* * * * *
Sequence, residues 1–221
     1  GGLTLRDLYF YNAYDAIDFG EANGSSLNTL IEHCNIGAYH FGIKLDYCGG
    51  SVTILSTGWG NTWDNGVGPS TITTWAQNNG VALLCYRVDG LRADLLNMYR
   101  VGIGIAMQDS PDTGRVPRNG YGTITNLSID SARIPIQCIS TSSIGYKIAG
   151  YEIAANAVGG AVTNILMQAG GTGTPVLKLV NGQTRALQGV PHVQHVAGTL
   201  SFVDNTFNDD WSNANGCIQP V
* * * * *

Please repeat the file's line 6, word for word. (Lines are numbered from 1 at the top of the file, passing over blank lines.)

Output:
   201  SFVDNTFNDD WSNANGCIQP V